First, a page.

“Social Justice” resembles more and more that infamous ‘Procrustean Bed’. If you don’t follow The Narrative of the Day enthusiastically, you’re outlawed. No job, no bank, no social services, no medical care, no travel, no legal rights.

  • bobby b

    Paul Marks
    October 7, 2021 at 10:57 pm

    “Someone told me that the Prime Minister wants to “rewild” large areas of the United Kingdom – take them out of farming, surely that is not true?”

    I remember when the Democrats rewilded Detroit back in the 70’s. It wasn’t pretty. They still haven’t resettled it yet.

  • Fred Z

    As a Prime Minister Boris Johnson is a great failure, but as a con-man he has been a great success.

  • the last toryboy

    Boris’s plan for eternal power is apparently to be so left wing that in response Labour is forced into actual communism to keep left.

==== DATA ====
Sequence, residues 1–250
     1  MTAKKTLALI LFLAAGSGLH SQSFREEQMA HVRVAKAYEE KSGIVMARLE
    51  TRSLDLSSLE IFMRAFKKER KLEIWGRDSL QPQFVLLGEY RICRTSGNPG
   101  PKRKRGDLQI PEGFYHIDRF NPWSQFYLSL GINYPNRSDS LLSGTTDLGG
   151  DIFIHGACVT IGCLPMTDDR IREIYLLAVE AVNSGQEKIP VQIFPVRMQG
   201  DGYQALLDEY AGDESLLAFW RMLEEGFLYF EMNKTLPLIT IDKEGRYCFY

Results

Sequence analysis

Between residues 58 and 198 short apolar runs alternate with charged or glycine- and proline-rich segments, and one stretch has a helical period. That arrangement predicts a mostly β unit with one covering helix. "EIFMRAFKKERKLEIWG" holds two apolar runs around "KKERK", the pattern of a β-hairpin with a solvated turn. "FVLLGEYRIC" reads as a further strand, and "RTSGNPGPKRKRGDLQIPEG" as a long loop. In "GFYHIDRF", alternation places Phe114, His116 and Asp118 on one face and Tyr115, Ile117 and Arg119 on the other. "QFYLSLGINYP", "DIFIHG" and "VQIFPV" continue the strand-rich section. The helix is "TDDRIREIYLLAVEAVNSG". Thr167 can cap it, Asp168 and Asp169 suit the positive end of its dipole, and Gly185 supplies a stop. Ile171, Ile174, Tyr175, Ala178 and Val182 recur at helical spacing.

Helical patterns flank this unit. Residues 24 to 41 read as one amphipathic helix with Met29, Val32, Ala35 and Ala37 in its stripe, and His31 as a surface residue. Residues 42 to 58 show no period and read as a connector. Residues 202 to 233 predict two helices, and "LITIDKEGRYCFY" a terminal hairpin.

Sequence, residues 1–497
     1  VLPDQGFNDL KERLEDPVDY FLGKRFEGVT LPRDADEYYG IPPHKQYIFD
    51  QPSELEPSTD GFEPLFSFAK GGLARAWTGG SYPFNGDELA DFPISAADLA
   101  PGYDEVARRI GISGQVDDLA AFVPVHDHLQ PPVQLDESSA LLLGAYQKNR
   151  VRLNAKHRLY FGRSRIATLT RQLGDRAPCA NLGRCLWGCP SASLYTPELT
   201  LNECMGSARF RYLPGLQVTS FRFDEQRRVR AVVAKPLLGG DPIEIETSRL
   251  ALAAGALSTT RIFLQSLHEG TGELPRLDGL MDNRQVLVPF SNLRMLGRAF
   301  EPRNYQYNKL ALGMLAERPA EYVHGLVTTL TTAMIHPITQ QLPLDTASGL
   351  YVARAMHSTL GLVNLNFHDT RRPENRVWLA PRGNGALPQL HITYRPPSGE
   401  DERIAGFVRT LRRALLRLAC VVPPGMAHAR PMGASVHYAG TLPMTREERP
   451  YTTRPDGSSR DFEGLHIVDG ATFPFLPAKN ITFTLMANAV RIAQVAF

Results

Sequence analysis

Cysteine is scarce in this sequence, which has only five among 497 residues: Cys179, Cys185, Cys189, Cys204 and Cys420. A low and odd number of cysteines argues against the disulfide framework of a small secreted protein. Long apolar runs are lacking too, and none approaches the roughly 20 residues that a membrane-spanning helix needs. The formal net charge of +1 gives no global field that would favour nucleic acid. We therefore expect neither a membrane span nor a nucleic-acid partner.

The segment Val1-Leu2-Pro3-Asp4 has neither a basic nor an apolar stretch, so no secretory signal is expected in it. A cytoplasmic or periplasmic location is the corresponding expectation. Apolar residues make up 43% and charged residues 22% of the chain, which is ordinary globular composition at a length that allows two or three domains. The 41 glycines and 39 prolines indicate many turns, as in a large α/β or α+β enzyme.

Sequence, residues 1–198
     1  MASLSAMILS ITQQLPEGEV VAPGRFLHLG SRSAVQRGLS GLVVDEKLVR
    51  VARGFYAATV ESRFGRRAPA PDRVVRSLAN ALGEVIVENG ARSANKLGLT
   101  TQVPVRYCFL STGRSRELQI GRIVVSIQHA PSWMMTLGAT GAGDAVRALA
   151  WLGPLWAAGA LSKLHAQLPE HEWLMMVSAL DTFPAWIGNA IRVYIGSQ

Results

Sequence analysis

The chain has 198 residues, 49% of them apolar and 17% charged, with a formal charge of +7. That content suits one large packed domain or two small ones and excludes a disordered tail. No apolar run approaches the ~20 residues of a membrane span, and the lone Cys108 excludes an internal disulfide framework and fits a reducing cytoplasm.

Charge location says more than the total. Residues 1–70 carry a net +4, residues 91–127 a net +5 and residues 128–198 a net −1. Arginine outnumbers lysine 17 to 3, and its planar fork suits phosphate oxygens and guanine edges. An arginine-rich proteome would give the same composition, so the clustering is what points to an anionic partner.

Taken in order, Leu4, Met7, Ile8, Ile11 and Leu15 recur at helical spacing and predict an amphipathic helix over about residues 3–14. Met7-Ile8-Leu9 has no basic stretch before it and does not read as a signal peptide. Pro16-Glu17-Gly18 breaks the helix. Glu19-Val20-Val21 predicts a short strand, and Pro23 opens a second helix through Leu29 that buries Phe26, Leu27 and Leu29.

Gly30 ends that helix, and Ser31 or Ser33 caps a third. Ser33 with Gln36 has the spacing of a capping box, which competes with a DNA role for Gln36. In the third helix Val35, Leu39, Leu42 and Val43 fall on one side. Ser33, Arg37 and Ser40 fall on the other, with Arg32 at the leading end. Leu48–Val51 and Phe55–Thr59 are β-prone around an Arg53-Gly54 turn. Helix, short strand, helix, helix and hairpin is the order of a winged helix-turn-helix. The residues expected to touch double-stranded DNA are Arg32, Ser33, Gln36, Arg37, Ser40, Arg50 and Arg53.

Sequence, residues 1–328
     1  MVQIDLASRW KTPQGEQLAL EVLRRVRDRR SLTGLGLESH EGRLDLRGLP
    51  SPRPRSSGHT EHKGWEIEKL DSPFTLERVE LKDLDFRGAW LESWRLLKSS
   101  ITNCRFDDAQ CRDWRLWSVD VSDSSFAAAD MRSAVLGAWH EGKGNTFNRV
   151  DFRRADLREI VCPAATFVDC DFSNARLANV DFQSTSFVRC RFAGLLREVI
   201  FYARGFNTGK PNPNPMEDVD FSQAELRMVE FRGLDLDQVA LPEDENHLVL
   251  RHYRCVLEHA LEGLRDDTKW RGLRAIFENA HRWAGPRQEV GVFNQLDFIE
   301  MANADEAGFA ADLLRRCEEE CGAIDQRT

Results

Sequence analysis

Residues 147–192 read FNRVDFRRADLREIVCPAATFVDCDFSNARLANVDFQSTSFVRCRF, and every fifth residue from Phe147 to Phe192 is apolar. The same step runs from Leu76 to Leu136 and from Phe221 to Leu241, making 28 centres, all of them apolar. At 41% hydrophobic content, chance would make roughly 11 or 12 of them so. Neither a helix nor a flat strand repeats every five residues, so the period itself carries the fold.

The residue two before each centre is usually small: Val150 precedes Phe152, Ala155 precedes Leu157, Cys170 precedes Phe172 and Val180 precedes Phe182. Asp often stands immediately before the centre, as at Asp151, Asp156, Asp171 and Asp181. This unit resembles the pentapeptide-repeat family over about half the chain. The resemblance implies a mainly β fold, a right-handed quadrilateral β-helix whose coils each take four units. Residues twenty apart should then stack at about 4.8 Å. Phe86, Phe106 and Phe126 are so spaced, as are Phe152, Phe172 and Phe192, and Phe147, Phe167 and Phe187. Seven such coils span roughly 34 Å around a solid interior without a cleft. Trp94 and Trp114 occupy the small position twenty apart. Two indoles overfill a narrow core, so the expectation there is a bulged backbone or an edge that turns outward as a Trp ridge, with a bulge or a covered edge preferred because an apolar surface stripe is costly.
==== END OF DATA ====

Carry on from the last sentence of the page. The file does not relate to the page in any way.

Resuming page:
• Roué le Jour

    I think Boris’s plan for power is to replace Labour as the preferred party of those who are actually running things.

  • llamas

    bobby b. – no, you’re wrong. Parts of ‘rewilded’ Detroit are remarkably pretty, looking very much like native prairie/savannah. I’m not kidding, it’s really true. Google Earth will show you. Creatures like sandhill cranes are plantiful within the city limits, whitetail deer roam widely, and I understand that there’s a very-healthy coyote population. The rough shooting would be excellent.

    Of course, these parts are rather like Madagascar or Kerguelen – very wild and beautiful, but you wouldn’t like what you have to go through to get there 😉.